Recently the online dating app giant, Match Group LLC (owner of Tinder, Match and Hinge) (Match) took on Muzmatch Limited (now Muzz Limited) (Muzmatch) as it sued them for trade mark infringement and passing off in the UK Intellectual Property and Enterprise Court (IPEC).
Muzmatch owns a registered trade mark for the word “muzmatch”. However, back in 2018, Match opposed the application and Muzmatch reduced the services covered by the Trade Mark in order to successfully register it. However, Match then complained that Muzmatch had continued to use “muzmatch” for services not covered by its registration.
In July 2020, Match issued legal proceedings against Muzmatch, for trade mark infringement and passing off through its use of “match” in its name and its use of “match” and “tinder” as part of its search engine optimisation strategy.
In June 2021, Muzmatch accepted liability in relation to its use of “tinder” and gave undertakings, however, it denied liability in respect of its use of “match”.
After a two-day trial, the Court held that Muzmatch had infringed by using “match” and took an “unfair advantage” which could lead consumers to believe the two businesses were connected.
Muzmatch argued that it did not infringe on the basis that “match” is not distinctive and is a descriptive word when used in the context of dating services. Match, however, submitted brand awareness reports up to May 2011 (when Muzmatch’s infringing activities started) to show how well known the Match brand was at the time.
The reports showed “top of mind” awareness (where the brand is the first name which is said when asked spontaneously without any list) and “aided awareness” (where a brand is recognised from a list provided). The judge agreed that this evidence, (particularly the significant “top of mind” awareness) demonstrated that there was a substantial degree of distinctiveness and reputation in the brand.
Crucially the judge was satisfied that by early 2011, the average consumer would have associated uses of “match” in the context of online dating with Match.
In order to show trade mark infringement, Match had to show that Muzmatch’s use of “match” gave rise to a likelihood of confusion under section 10(2) Trade Marks Act 1994. On reviewing the evidence, the judge concluded that the average consumer would have thought Muzmatch was a sub-brand of Match.
In this case, there was very limited evidence of actual confusion. Muzmatch argued that if there was a likelihood of confusion, then there would be credible evidence of actual confusion since Muzmatch’s alleged infringement in 2011, but there was none. The judge acknowledged that the absence of actual confusion evidence was likely to be because both parties offered their services via mobile apps and websites, rather than because there was no relevant confusion. The judge stated that “it is hard to see how or why any confusion… would come to light”. Going forward, as more services are offered via mobile app or online, we may well see less reliance on evidence of actual confusion.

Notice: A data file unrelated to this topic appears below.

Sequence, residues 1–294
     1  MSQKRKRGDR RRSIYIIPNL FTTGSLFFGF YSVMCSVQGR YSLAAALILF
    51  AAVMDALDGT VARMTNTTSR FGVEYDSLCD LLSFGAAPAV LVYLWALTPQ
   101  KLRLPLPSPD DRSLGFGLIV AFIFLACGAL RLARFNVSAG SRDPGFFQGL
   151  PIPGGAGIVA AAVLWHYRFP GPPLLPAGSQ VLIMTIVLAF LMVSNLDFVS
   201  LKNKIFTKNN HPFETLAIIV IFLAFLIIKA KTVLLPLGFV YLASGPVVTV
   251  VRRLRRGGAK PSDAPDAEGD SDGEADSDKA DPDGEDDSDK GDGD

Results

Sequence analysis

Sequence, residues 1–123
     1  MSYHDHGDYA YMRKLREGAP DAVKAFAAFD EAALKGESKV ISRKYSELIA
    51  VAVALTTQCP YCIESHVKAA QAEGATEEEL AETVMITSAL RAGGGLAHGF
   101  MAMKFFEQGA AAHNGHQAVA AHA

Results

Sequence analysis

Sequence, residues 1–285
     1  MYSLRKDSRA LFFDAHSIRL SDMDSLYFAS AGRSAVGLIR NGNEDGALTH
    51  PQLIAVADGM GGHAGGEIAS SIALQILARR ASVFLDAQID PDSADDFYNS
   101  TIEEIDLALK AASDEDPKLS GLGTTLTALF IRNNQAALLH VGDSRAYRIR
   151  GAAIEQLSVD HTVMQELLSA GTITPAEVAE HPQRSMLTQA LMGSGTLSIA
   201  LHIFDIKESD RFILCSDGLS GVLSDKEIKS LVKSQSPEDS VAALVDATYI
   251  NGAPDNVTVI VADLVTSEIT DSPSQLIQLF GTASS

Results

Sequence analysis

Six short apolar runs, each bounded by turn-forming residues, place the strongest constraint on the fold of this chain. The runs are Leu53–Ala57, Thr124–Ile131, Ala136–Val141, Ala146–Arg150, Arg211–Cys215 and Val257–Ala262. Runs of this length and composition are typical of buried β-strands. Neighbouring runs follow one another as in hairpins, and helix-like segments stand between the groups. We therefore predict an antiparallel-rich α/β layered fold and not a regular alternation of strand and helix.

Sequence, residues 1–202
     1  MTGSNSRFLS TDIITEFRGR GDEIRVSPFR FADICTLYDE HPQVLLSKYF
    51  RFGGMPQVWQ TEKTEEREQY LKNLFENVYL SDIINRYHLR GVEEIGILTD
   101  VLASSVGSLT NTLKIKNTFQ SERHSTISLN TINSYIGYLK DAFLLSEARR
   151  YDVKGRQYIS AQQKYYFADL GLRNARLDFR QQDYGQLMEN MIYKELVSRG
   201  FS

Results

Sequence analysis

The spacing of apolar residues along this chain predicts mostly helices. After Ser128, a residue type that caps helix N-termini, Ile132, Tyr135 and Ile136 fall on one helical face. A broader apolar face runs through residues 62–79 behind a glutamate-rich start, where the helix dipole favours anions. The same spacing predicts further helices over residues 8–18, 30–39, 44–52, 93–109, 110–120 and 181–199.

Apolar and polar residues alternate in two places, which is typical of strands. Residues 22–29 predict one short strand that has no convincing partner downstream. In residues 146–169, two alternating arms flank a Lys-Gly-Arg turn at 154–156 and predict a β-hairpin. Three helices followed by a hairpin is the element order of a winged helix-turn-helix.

The judge decided that, even if there was no likelihood of confusion, Muzmatch had taken unfair advantage of the reputation of Match’s trade marks. By 2011, Match had a very strong reputation and had invested substantial sums in building it. By using the name in a way that created a link to Match, Muzmatch was taking some of the benefits of that reputation and investment without paying for it. Whilst the judge accepted that the CEO did not originally pick the name with this intention, the Search Engine Optimisation strategy used by Muzmatch was clearly intended to benefit from the use of “match” and took unfair advantage in doing so.
The judge set out in his introduction to the judgment that both sides had said the case was “simple and straightforward”. He noted that there were 21 lever arch files of documents, four lever arch files of authorities and opening submissions of over 70 pages each. He made clear in a postscript to the judgment that the case was not “the simple or straightforward case the parties had suggested”.
The judge cautioned that, if the parties wished to use the streamlined IPEC process, they should have attempted to narrow down the issues before the Case Management Conference and the case should have been transferred to the High Court to allow for a longer trial if that was not possible.
On 4 May 2022, the judge handed down a further judgment as a result of a breach of the embargo on the draft judgment sent to the parties on 12 April 2022. The judge sought a full written explanation from Muzmatch and their solicitors after Muzmatch acknowledged that they had spoken to journalists prior to the embargo being lifted. The judge did not take any further action but indicated it may well order Muzmatch to pay Match’s costs on an indemnity basis.
The judge did not lay down guidance on the approach to be taken by the press in relation to draft judgments but was clear that “the courts are likely to look with a very critical eye at any case where a party’s wish to manage the publicity surrounding litigation has led that party to breach the embargo imposed”.
This case was not simple or straightforward but was particularly interesting on several points (to IP lawyers)! It shows that an arguably descriptive word can become distinctive in the market over time and be protected as a trade mark so these should not be dismissed “out of hand” by brand owners or trade mark applicants considering a new brand name. Applicants should, however, be cautious of registering descriptive marks themselves as, without evidence of distinctiveness, these are liable to be challenged if not refused.